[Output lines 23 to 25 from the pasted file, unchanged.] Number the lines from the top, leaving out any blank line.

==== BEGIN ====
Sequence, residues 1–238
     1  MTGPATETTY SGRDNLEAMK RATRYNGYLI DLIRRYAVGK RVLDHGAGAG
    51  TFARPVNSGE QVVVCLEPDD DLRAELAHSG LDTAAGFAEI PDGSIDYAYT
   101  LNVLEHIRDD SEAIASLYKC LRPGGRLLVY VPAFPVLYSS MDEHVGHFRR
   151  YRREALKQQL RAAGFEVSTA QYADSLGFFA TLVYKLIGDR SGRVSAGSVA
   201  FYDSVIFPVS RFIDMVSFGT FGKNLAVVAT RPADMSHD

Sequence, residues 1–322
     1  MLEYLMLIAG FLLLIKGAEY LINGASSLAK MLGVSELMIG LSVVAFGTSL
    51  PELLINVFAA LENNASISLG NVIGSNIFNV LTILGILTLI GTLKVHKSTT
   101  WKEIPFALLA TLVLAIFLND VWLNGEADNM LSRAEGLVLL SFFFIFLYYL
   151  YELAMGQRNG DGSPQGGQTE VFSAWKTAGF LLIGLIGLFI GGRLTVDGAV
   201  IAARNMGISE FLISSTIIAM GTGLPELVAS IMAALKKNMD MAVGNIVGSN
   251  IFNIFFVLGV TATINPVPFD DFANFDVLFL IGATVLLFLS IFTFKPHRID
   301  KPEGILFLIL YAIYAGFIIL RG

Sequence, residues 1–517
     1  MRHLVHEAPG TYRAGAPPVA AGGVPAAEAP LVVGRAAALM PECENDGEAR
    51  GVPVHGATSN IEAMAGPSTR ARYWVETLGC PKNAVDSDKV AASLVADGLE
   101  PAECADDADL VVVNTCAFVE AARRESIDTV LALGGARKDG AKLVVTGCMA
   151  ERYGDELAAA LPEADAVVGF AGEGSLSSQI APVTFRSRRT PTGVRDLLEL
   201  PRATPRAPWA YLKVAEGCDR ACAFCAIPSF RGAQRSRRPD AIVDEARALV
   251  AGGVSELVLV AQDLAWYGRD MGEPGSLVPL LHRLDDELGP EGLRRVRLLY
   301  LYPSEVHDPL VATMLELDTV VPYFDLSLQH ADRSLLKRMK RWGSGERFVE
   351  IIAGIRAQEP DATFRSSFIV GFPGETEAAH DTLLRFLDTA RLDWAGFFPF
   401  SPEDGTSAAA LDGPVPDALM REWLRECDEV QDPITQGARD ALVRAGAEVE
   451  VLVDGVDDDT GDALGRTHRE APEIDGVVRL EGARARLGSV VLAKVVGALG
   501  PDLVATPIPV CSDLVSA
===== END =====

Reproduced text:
   351  IIAGIRAQEP DATFRSSFIV GFPGETEAAH DTLLRFLDTA RLDWAGFFPF
   401  SPEDGTSAAA LDGPVPDALM REWLRECDEV QDPITQGARD ALVRAGAEVE
   451  VLVDGVDDDT GDALGRTHRE APEIDGVVRL EGARARLGSV VLAKVVGALG